What I meant was that the need of much better paint tools will rise very quickly if Ptex appear in Blender, just because you cannot use the external 2D programs. (I think some rebake could be possible, but it is unsufficient in this case.) For example you'll need to paint color and displace in the same time. You'll need more advanced brushes, or be able to convert different paint layers for different purposes, etc.

  7. Ok, so I went to the ptex website, via the link, and downloaded the latest version's .zip file. How do you install it???

    Thanks for any responses!

  8. The Ptex API is not a software that can be installed really, that is why it is an API. Very much similar to how OpenEXR was adopted by Blender as well as other software. So in order for this to appear in Blender it would have to be implemented by the Blender Devs, or if you are brave enough program it in yourself. Ptex can be adopted into ANY application, including Maya, 3DSMax, ZBrush, C4D, Blender, K3D, Aqsis, Pixie etc.... already it was added to Pixar's PRMan, mainly since PRMan is used at Disney as their renderer of choice so it only made sense to include it with the software. So expect to see this added to quite a bit of software over the next year and we can only hope that Ton and company will include it sometime in the future, they do have quite a on their plate at the moment so don't hold your breath right now, though I do imagine this being added at some point - but do not take my word for it.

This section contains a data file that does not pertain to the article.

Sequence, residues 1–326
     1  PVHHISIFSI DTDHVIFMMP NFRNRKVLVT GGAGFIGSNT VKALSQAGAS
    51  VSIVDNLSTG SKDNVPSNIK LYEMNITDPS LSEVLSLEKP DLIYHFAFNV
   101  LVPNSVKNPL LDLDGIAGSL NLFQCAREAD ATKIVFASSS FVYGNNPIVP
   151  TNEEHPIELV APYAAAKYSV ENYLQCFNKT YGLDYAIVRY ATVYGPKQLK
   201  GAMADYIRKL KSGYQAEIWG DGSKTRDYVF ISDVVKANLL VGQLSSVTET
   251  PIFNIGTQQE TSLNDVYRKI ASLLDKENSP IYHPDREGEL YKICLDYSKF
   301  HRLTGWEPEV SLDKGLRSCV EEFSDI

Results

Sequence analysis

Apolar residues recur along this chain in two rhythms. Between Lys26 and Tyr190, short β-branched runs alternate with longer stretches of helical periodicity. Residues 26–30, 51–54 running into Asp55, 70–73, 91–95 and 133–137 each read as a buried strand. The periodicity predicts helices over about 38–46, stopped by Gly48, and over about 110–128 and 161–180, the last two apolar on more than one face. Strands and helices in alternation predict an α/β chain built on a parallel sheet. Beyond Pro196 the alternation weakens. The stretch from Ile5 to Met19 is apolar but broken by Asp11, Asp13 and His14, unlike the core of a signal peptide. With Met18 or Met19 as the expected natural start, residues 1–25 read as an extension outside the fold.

9. Hi All,

    How can Ptex fit into the Blender work flow?

    Create a Model in Blender > Assign textures in Ptex > ??? Now what

    Do we take it back to Blender to render?
    Will blender support the Ptex output? Since Ptex bypasses the UV assignment phase

    These are some questions that arises in my mind..
    Any inputs..


  10. @jadhav333:
    I can imagine this pipeline:

    create model --> convert it to Ptex object --> paint on it --> save it along with a scene to Blender file (or choose export to Ptex fileformat) --> render it in Blender or using any renderer that supports it

    This is just my guess. :) Maybe someone can tell more knowledgeably.

    I had a very similar idea some years ago, so that this technology I feel very familiar. Unfortunately I'm graphic designer and my programming skills ends on Python scripting. ;)

    I'd love to see Ptex in Blender!!

  11. @4museman

    I think you got the pipeline correct, well, mostly. You create the model as a mesh or convert something to a mesh, and then, you convert the mesh to a ptex object. If you had previously set textures, I imagine you would lose them in the conversion, so you would have to reset the texture and finally, paint.

    Ptex looks promising, a giant leap in open source technology. I hope to try it out someday soon, but I'm not advanced enough to actually use the source code.